UK enquiry into access to HIV medicines

The Alliance’s Head of Policy, Anton Ofield-Kerr, gave evidence this week at an enquiry by the All Party Parliamentary Group on AIDS on access to medicines in the developing world.

The enquiry on Tuesday 10 June 2014, Achieving Universal Access – The Treatment Timebomb II, follows a previous enquiry conducted by the Group in 2009.  It looked at the supply of affordable anti-retroviral medicines (ARVs) and concluded that the high price of second and third line drugs for HIV was a major barrier to HIV treatment.  The report, Treatment Timebomb, was successful in mobilising political support for the Medicines Patent Pool.

This second enquiry takes place in the context of new WHO guidance in 2013 which increased the number of people living with HIV who are entitled to treatment (from 15 million to 26 million), which has increased the need for affordable first and second line treatment.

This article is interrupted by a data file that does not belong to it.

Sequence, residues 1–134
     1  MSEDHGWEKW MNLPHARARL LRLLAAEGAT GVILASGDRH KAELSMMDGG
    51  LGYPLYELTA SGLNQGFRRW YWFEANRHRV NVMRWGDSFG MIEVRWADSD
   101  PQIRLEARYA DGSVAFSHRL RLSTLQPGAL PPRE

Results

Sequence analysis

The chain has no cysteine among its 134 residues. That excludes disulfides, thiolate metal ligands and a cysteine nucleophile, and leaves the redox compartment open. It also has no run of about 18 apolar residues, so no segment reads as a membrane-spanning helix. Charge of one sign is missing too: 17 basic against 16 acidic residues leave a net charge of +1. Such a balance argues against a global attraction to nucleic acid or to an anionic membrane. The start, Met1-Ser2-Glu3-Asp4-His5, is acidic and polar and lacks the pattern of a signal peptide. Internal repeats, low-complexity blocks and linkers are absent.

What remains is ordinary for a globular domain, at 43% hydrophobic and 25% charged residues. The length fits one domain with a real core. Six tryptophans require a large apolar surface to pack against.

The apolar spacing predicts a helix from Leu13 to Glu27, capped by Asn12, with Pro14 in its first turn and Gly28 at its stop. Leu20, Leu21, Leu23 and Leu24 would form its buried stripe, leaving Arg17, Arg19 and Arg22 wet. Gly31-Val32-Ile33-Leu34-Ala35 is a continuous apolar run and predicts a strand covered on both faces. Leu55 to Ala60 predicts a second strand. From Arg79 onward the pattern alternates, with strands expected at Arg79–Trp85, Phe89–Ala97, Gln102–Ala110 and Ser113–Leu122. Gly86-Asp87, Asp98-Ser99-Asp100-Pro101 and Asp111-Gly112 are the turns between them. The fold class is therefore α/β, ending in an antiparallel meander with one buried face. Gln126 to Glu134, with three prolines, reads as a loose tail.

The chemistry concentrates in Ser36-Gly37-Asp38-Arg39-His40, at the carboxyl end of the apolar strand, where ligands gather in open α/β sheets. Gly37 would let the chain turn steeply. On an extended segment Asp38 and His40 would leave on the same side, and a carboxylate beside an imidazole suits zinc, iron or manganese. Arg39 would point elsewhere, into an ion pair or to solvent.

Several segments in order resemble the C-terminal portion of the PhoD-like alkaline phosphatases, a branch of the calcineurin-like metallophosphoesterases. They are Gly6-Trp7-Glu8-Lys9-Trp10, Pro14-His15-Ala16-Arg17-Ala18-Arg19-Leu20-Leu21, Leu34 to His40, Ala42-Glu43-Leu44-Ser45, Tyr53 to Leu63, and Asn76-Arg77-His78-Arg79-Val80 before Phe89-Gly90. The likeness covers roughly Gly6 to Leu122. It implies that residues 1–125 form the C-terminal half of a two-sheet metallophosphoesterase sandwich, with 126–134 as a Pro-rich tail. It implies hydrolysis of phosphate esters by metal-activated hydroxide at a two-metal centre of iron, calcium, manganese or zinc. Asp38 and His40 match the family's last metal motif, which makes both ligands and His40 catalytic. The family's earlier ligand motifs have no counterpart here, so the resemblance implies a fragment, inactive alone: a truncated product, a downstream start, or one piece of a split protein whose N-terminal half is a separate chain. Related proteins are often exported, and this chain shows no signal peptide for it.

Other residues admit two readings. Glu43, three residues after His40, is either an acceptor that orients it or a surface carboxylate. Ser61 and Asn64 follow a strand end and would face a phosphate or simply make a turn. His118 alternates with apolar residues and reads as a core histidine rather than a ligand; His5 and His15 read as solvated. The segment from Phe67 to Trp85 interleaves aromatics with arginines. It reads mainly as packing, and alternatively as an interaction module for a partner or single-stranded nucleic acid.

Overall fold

The Alliance's oral evidence focused on access to treatment of people co-infected by HIV and Hepatitis C (HCV). The HIV response is now faced with a potential turning point in the impact of this co-infection, with new treatments recently approved, or soon to be authorised, which offer significant improvements: fewer side effects, high cure rates, etc. But it is critical that these new treatments for HCV are made available to everyone who needs them. Pharmaceutical companies such as Gilead are working hard on access programmes, but there is much more to be done.

Download the full Alliance written evidence submitted for the enquiry. 

  • Read more about the Alliance’s position on health in a post-2015 context in our briefing paper, and the background to the enquiry here.
  • Read this analysis by STOP AIDS of the Global Fund’s Tiered-Pricing initiative and its potential impact on the global effort to improve access to medicines.